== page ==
Mike’s Hard Freeze Review: A Nostalgic Taste Of The Future Of Boozy Drinks

Mike's Hard Freeze Review: A Nostalgic Look At The Future Of Drinks

Mike's Hard


  • We got our hands on Mike Hard Freeze to see how it measures up to the rest of the pack
  • The new drink is a welcome departure from the norm in a world with too many hard seltzers to count
  • Read more booze news here

We’re slowly but surely closing in on the third anniversary of The Summer of White Claw, which served as the catalyst for the battle for hard seltzer supremacy that has gradually faded in ferocity but rages to this day.

New brands are still popping up as they deploy a wide variety of strategies and continue to fight for the tastebuds of consumers who’ve developed a predilection for drinks in that particular category with things like “new and improved” formulas and variety packs boasting flavors that toe the line between “innovative” and “desperate.”

When the hard seltzer craze first swept the globe, it seemed like there was a chance it would be just another boozy fad. By this point, it’s clear that it’s here to stay, but the combination of an impossibly saturated market and the tired palates of drinkers has resulted in an increasingly pressing question: where do we go from here?

Plenty of companies have attempted to provide an answer in the hopes of being responsible for The Next Big Thing, whether it comes in the form of Hard Mountain Dew or the Finnish staple known as “long drink” (which, for my money, should be viewed as a top contender when it comes to the most worth successors).

Now, Mike’s Hard Lemonade has thrown its hat into the ring with an approach that suggests the future of adult beverages could be…the past.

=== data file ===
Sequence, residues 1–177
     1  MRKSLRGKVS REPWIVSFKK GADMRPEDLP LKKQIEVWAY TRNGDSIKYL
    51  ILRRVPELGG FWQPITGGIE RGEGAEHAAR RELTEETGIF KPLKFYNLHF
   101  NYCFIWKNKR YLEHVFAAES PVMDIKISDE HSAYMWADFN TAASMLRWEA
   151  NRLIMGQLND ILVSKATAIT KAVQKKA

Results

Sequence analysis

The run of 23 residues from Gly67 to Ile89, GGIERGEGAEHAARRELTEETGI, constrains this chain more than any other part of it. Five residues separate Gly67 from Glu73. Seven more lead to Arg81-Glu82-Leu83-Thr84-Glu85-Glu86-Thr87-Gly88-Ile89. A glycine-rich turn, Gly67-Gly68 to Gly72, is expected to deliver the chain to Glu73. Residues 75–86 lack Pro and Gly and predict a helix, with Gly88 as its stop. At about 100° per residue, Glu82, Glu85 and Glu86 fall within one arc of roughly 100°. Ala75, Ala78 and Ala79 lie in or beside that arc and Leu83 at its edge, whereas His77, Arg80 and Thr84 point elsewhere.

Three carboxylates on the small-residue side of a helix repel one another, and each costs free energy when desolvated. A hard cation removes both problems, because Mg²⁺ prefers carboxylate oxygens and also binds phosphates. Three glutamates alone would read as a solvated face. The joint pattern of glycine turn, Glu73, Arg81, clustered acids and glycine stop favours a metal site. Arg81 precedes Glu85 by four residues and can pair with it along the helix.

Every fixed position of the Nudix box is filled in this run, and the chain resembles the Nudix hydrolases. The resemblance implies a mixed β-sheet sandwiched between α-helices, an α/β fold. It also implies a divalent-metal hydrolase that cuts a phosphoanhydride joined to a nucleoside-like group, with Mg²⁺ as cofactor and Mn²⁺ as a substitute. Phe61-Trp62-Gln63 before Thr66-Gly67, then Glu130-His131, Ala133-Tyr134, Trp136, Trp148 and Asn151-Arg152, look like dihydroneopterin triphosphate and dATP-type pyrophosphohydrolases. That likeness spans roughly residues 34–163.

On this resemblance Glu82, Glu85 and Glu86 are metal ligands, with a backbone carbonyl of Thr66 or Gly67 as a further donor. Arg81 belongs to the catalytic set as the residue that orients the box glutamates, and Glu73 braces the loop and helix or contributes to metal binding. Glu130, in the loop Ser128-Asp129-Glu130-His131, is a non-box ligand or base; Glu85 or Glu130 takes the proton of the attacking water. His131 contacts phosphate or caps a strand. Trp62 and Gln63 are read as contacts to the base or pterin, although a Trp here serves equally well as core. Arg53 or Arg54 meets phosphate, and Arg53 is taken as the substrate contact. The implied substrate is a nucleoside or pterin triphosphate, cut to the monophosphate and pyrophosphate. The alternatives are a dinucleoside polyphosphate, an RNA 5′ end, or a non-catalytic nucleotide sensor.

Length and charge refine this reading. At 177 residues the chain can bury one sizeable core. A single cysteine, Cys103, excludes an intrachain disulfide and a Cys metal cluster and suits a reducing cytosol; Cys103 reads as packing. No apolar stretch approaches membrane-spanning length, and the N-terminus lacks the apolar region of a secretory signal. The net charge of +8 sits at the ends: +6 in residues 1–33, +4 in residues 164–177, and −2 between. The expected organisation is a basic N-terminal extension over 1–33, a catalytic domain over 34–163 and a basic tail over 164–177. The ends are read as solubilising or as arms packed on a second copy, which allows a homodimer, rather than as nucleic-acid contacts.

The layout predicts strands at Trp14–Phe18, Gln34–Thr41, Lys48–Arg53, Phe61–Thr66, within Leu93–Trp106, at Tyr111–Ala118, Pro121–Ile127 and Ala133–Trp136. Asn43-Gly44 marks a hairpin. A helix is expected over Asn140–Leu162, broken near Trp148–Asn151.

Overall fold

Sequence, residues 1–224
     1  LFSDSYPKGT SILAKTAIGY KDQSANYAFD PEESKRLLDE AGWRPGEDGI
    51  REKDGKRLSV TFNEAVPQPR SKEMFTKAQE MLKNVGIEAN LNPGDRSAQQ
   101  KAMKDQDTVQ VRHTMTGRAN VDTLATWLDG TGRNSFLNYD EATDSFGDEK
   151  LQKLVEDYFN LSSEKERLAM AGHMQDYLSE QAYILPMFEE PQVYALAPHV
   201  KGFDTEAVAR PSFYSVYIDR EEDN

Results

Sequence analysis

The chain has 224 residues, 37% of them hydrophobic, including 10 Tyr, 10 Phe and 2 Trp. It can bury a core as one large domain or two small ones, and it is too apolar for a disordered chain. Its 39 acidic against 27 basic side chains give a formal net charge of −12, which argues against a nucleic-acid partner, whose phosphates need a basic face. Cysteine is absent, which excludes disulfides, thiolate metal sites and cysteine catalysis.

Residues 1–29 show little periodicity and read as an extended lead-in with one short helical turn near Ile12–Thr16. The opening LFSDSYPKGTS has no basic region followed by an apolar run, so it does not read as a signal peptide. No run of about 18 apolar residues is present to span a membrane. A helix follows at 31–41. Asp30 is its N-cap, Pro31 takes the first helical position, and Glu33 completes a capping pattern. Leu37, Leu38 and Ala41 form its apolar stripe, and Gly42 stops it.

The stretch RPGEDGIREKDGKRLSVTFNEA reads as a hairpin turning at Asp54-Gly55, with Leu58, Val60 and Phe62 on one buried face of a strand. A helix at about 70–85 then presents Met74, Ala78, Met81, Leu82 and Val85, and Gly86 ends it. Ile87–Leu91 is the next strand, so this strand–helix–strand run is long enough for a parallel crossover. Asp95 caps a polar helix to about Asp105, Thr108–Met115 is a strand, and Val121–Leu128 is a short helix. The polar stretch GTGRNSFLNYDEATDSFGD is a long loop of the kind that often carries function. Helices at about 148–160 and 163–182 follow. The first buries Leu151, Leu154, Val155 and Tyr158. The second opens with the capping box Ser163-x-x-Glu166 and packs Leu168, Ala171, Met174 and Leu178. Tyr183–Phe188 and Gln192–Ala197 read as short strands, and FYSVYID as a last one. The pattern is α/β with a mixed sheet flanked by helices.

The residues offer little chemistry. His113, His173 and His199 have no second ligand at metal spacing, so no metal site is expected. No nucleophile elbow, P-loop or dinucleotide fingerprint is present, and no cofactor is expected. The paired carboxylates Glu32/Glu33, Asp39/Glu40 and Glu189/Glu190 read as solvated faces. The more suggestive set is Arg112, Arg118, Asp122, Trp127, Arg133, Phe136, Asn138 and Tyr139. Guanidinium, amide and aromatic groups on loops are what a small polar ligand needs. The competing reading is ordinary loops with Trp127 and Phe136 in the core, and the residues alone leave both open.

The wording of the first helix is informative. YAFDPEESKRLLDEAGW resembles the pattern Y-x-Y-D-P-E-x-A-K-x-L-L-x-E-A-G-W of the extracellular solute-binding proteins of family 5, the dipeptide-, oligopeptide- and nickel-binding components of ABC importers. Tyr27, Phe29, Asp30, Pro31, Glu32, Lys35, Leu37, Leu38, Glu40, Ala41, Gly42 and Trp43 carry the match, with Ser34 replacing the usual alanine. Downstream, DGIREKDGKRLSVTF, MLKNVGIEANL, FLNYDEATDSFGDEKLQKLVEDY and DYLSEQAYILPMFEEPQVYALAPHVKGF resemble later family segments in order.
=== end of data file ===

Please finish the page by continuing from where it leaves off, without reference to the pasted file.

The brand previously released what remains one of the best twists on hard seltzer I’ve tried over the past few years, and I recently got the chance to make my way through the four flavors that make up the lineup of what’s been dubbed “Mike’s Hard Freeze.”

Mike’s Hard Freeze is a nice respite from most of the canned beverages that have flooded shelves over that span, as it is decidedly not a hard seltzer; yes, it’s a fizzy, malt-based drink that clocks in at 5% ABV and comes packaged in slim 12 oz. can, but that’s really where the similarities end.

Here’s what you can expect from this welcome departure from what’s become the norm.

Mike’s Hard Freeze Review

Mike's Hard Freeze cans

Mike's Hard/Unsplash


The “Freeze” in question here is a reference to the slushies that most people associate with convenience stores and movie theaters, with each of the flavors paying tribute to the ones you likely knew and loved growing up (and maybe still do).

As alluded to above, the most appealing aspect of these offerings is that they don’t even attempt to pretend to be a hard seltzer; sure, they might pack more sugar and calories than a can of fizzy water masquerading as a “hard soda,” but they also pack infinitely more flavor than any of them and avoid the essence of sadness you usually encounter when you open a can of those imposters.

The names of each of the flavors also call to mind Dave Chappelle’s classic bit about ‘purple stuff.” Mike’s decision to opt for colors instead of trying to describe their taste with a list of fruits was actually a brilliant move; as dumb as it may sound, every single one tastes more like a color than anything else.

Pink Freeze is the most straightforward offering of the bunch, as it’s basically pink lemonade in a can (it’s worth noting all of the varieties use some of Mike’s signature citrus essence as a base). Blue Freeze, on the other hand, is basically a liquid version of a Jolly Rancher of the same color, while Red Freeze is a delightful balance of cherry and berry that is the epitome of “red.”

White Freeze was the biggest mystery of all and will likely be the most polarizing. It lives up to the promise of the “creamsicle” flavor it was designed to mimic, but the requisite vanilla may be a bit too much.

The very nature of Mike’s Hard Freeze will make it difficult for it to achieve Next Big Thing status; it’s not overly sweet or excessively filling, but its inherent boldness (especially when compared to some more quaffable options) means you’ll probably enjoy it in moderation by default.

With that said, if you’re looking to switch things up, it’s a pretty solid way to bring some variation into your rotation.